Cannabichromene (CBC) was first discovered in 1963. Freshly harvested, dry cannabis contains significant quantities of CBC. It has not been extensively studied. There are no more than 75 published papers on PubMed that make specific reference to CBC. A 2009 review of cannabichromene and other non-psychotropic cannabinoids, "CBC exerts anti-inflammatory, antimicrobial, and modest analgesic activity." CBC has also been shown to promote anti-cancer activity in malignant cell lines.
THCV is currently being researched as a treatment for metabolic disorders, including diabetes. Medicinal properties include: anoretic, bone-stimulant, and anti-epileptic.
The British Journal of Pharmacology, a peer-reviewed journal, published one of the over 65 studies on cananbidivarin (CBDV), cannabis, which showed that cannabidivarin strongly suppressed seizures in six different experimental models. These models are commonly used in epilepsy drug discovery.
CBCV has the potential to prevent more seizures, with few of the annoying side effects (e.g. uncontrollable shaking), caused by many existing anti-seizure medication. Cannabidivarin works when combined with drugs currently used to control epilepsy and it is not psychoactive.
The major cannabinoid constituents in raw Cannabis come in the form of acids (e.g. THCA, CBDA, etc.) Research suggests the acidic cannabinoids hold most of the anti-inflammatory properties that Cannabis has to offer. Acidic cannabinodis show promise in the treatment of IBS, Chron's and Leaky-Gut Syndrome. Acidic cannabinoids go through a chemical change over time or with heat through a process called decarboxylation to form their non-acidic counterparts.
Clearly there is a market for these remarkable cannabinoid compounds. The market potential both as an herbal and an FDA approved pharmaceutical product. Expanded development of cannabinoid medicine can dramatically lower our health care costs as Dr. Christopher Fichtner argues in his book Cannabinoics. Here is a list on what research has shown are symptoms and conditions addressed by just some of the components of cannabis.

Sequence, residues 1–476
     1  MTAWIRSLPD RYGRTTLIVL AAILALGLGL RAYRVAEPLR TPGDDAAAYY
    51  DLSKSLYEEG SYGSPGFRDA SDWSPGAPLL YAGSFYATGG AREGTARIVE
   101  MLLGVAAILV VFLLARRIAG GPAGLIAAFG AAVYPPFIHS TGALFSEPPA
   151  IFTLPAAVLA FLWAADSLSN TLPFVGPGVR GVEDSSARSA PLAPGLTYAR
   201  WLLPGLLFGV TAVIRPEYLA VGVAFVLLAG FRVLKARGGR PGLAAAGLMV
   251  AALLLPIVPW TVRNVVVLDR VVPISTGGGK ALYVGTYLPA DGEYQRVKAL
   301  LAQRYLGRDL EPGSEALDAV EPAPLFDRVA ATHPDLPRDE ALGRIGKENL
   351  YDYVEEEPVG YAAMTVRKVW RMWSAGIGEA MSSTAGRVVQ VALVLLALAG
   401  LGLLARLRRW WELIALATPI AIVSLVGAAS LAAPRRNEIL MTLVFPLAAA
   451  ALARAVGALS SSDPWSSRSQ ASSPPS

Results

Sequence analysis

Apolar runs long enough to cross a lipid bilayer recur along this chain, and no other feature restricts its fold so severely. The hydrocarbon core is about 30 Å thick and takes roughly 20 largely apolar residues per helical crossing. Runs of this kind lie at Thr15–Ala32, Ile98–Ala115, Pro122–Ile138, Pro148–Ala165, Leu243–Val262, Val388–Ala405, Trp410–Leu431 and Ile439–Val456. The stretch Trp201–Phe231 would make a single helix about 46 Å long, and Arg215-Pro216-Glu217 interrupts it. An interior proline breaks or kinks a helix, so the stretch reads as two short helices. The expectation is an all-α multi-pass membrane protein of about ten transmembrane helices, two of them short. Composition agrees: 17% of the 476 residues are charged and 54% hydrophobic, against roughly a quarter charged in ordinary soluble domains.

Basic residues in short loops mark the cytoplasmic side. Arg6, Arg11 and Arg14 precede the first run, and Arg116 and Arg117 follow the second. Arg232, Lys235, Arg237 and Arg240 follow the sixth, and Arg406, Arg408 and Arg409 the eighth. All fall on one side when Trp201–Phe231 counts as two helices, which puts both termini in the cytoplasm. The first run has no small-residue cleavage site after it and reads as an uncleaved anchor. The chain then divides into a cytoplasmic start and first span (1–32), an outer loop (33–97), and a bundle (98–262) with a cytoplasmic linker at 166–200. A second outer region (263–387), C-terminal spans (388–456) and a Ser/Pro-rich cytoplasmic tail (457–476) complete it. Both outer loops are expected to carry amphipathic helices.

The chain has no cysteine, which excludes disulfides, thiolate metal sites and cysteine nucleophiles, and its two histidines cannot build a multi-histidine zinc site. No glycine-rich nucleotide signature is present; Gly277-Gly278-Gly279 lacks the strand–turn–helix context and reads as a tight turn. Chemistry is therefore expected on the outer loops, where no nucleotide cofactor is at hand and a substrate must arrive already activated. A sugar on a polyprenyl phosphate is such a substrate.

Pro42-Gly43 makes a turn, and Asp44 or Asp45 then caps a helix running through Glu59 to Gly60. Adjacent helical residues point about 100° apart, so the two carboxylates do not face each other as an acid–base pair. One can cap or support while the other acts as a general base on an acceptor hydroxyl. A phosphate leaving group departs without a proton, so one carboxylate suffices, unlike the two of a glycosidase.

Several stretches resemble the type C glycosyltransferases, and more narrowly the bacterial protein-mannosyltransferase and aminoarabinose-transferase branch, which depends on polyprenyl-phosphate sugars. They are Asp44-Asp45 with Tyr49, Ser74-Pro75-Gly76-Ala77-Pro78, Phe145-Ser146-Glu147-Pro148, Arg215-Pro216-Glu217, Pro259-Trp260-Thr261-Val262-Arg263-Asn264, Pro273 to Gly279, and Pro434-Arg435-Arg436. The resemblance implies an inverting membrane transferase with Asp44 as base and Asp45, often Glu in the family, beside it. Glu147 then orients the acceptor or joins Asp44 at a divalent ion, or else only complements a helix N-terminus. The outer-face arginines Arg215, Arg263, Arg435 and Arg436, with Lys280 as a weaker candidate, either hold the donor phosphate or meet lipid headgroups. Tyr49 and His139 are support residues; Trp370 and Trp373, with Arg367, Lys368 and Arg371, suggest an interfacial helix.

Analgesic: CBC, CBD, CBGA, D9-THC, D8-THC, THCA-C4, THCVA, CBLA, CBNA, Linalool, Myrcene - Relieves pain
Anorectic: THCV - Weight loss.
Antibacterial: CBD, CBGA, CBG - Slows bacteria growth.
Anti-Diabetic: CBD - Reduces blood sugar levels.
Antidepressant: Limonene - Relieves symptoms of depression.
Anti-Emetic: D9-THC, CBD - Reduces vomiting and nausea.
Anti-Epileptic: THCV, CBD, Linalool - Redues seizures and convulsions.
Antifungal: CBCA, Carophyllene Oxide, Limonene - Treats fungal infection.
Anti-Inflammatory: CBDA, CBD, CBCA, CBC, CBGA, Alpha-Pinene, Myrcene, Trans-Carophyllene - Reduces inflammation.
Anti-Insomnia: THCA, CBG - Aids sleep.
Anti-Ischemic: CBD - Reduces risk of artery blockage.
Anti-Proliferative: THCA, CBDA, CBD, CBC, CBG, Limonene - Inhibits cancer cell growth.
Antipsioratic: CBD - Treats psoriasis.
Antipsychotic: CBD, Linalool, Myrcene - Tranquilizing.
Antispasmodic: THCA, D9-THC, CBD, Myrcene - Suppresses muscle spasms.
Anxiolitic: CBD, Linalool, Limonene - Relieves anxiety.
Appetite Stimulant: D9-THC - Stimulates appetite.
Bone Stimulant: THCV, CBD, CBC, CBG - Promotes bone growth.
Gastro-Ooesophageal Reflux: Limonene - Reduces acid reflux.
Immunostimulant: Limonene - Stimulates the immune system.
Immunosuppressive: CBD - Reduces function in the immune system.
Intestinal Anti-Prokinetic: CBD - Reduces small intestine contractions.
Neuroprotective: CBD - Retards nervous system degeneration.
Vasorelaxant: CBD - Redues vascular tension.
Dr. Ethan Russo, the nation's top medical expert on cannabis and cananbinoids, recognizes the adverse effects of an endocannabinoid deficiency. He writes that, "Migraine, fibromyalgia, IBS and related conditions display common clinical, biochemical and pathophysiological patterns that suggested an underlying clinical endocannabinoid deficiency that may be suitably treated with cannabinoid medicines."
Russo postulates that there is a combined "entourage effect" of many of the compounds found in cannabis: cannabinoids, terpenes and flavinoids. This synergy of phytocannabinoid-terpenoid entourage effects is why the plant is likely more effective therapeutically than any single synthetic or extracted cannabinoid.